AVA Controller
Affordable Vehicle Avionics (AVA)
Significant contributors to the cost of launching nano- and micro-satellites to orbit are the costs of software, and Guidance, Navigation and Control (GNC) avionics systems that steer, navigate and control the launch vehicles, sequence stage separation, deploy payloads, and pass data to Telemetry. The high costs of these GNC avionics systems are due in part to the current practice of developing unique, custom, single-use hardware and software for each launch, and requiring high-precision measurements of position and attitude states. NASA Ames Research Center has developed and tested a low-cost avionics system prototype called Affordable Vehicle Avionics (AVA). AVA integrates a low-cost moderately-precise sensor suite with an advanced error-correcting software package to provide GNC for space launch vehicles in a package smaller than a multilayer sandwich (100 mm x 120 mm x 69 mm; 4in x 4.7in x 2.7in), and with a mass of less than 0.84kg (2lbs). The invention provides a common suite of avionics components and demonstration software that deliver affordable, capable GNC with flexible I/O which is applicable to a variety of nano/micro-sat launch vehicles at less than 10 percent of the cost to procure current state-of-the-art GNC avionics. Affordable Vehicle Avionics' (AVA's) approach to drastically reduce costs includes: (1) use of low-cost "tactical-grade" Commercial-off-the-Shelf MicroElectroMechanical Systems (MEMS) inertial measurement unit, wherein adequate navigation precision is achieved by fusing outputs from a Global Positioning System receiver, inertial sensors and a magnetic field vector sensor in an extended Kalman filter formulation that corrects inertial sensor biases; (2) a streamlined "cookbook" approach to define an effective process for launch vehicle developers to design, simulate, verify and support assembly, integration and testing of their SLVs, driven by high-fidelity six degrees of freedom SLV simulations and real-time hardware-in-loop tests to validate guidance, navigation and control for early test flights. Development Status: As of spring 2020, AVA has flown twice in its current configuration on a suborbital platform. Its navigation and control functions were successfully demonstrated for roll-rate control within a tight deadband onboard the first flight test, and it successfully issued attitude pointing commands to a failed reaction control subsystem and it issues issued a rocket-motor ignition command on a second flight test. To date, failure of SLV components other than AVA (e.g., electrical power) has precluded demonstration of navigation and control of an orbital or sub-orbital launch system, which remains to be demonstrated. AVA development was accomplished using a single magnetometer-based magnetic field vector sensor to provide attitude observability during free-fall (inter-stage coast periods). Therefore, the current tested AVA configuration is susceptible to magnetic/electric fields produced by other components and payloads onboard the SLV, so care must be exercised to either mount AVA well away from sources of such fields and or to incorporate magnetic/electric field barriers on field emitters if separation from emitters is inadequate. Also, licensees may wish to provide new AVA inputs from a pair of external horizon sensors to provide more accurate attitude navigation during coast phases of the SLV mission.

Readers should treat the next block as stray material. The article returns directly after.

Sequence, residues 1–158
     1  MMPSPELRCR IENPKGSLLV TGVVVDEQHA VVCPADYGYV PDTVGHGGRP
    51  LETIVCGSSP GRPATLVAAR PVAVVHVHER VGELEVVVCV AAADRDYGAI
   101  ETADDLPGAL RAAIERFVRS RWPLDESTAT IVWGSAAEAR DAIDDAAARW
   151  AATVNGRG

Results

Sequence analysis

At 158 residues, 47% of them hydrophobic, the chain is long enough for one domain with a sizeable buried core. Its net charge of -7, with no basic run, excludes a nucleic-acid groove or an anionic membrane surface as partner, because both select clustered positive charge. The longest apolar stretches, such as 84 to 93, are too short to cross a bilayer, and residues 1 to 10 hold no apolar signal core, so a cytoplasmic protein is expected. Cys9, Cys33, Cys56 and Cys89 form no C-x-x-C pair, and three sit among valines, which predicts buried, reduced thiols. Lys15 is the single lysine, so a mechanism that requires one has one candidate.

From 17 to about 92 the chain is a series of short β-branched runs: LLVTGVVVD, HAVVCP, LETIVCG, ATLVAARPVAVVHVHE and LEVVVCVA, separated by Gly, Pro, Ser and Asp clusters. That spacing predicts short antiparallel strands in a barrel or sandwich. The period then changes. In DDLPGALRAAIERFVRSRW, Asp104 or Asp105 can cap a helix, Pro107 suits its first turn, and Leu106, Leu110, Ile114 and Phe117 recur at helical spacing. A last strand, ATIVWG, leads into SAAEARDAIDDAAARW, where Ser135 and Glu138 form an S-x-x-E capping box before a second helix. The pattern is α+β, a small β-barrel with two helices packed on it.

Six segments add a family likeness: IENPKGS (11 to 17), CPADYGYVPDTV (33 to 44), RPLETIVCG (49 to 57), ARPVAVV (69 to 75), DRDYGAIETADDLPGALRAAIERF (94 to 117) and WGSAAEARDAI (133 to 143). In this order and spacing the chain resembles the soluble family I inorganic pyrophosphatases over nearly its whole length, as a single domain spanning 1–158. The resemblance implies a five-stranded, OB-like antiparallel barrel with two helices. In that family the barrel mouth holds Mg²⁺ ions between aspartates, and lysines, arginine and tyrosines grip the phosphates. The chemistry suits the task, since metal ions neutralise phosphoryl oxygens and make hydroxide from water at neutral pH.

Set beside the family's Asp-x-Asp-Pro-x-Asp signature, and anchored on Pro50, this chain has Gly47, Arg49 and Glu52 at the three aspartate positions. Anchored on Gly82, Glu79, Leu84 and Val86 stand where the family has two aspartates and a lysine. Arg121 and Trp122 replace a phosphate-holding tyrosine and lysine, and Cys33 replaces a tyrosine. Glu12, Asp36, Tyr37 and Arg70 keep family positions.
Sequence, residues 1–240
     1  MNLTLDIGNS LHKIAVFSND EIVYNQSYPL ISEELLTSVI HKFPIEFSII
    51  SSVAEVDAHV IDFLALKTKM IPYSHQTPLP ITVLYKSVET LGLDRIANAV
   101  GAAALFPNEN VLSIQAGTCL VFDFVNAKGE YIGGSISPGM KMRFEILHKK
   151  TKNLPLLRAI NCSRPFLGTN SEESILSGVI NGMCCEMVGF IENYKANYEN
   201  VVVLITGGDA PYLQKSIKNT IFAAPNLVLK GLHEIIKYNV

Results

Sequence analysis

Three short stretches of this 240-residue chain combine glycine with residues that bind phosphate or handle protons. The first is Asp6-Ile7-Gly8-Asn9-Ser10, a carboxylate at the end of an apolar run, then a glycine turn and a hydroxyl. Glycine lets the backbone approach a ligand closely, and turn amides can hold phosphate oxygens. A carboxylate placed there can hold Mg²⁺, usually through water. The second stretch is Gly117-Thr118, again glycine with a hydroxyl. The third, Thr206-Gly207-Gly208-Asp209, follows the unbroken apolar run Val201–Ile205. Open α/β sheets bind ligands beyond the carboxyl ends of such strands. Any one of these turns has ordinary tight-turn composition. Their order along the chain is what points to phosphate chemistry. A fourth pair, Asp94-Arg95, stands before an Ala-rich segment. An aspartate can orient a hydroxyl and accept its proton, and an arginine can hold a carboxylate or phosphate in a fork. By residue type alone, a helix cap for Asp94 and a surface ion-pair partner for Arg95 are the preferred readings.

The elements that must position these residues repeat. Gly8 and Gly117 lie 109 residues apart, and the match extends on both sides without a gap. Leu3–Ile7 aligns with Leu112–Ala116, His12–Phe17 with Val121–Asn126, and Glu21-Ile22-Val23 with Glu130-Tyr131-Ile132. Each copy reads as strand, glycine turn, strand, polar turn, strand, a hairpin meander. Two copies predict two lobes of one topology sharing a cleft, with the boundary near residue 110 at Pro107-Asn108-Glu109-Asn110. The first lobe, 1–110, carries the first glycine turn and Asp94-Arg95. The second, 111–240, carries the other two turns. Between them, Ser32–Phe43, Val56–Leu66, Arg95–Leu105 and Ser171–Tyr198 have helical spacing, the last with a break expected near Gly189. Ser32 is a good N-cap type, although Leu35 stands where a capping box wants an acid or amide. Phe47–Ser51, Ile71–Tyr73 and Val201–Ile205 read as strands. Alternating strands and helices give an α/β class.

The touch screen of the Electronic Flight Bag allows pilots to easily use TASAR.
Traffic Aware Strategic Aircrew Requests (TASAR)
The NASA software application developed under the TASAR project is called the Traffic Aware Planner (TAP). TAP automatically monitors for flight optimization opportunities in the form of lateral and/or vertical trajectory changes. Surveillance data of nearby aircraft, using ADS-B IN technology, are processed to evaluate and avoid possible conflicts resulting from requested changes in the trajectory. TAP also leverages real-time connectivity to external information sources, if available, of operational data relating to winds, weather, restricted airspace, etc., to produce the most acceptable and beneficial trajectory-change solutions available at the time. The software application is designed for installation on low-cost Electronic Flight Bags that provide read-only access to avionics data. The user interface is also compatible with the popular iPad. FAA certification and operational approval requirements are expected to be minimal for this non-safety-critical flight-efficiency application, reducing implementation cost and accelerating adoption by the airspace user community. Awarded "2016 NASA Software of the Year"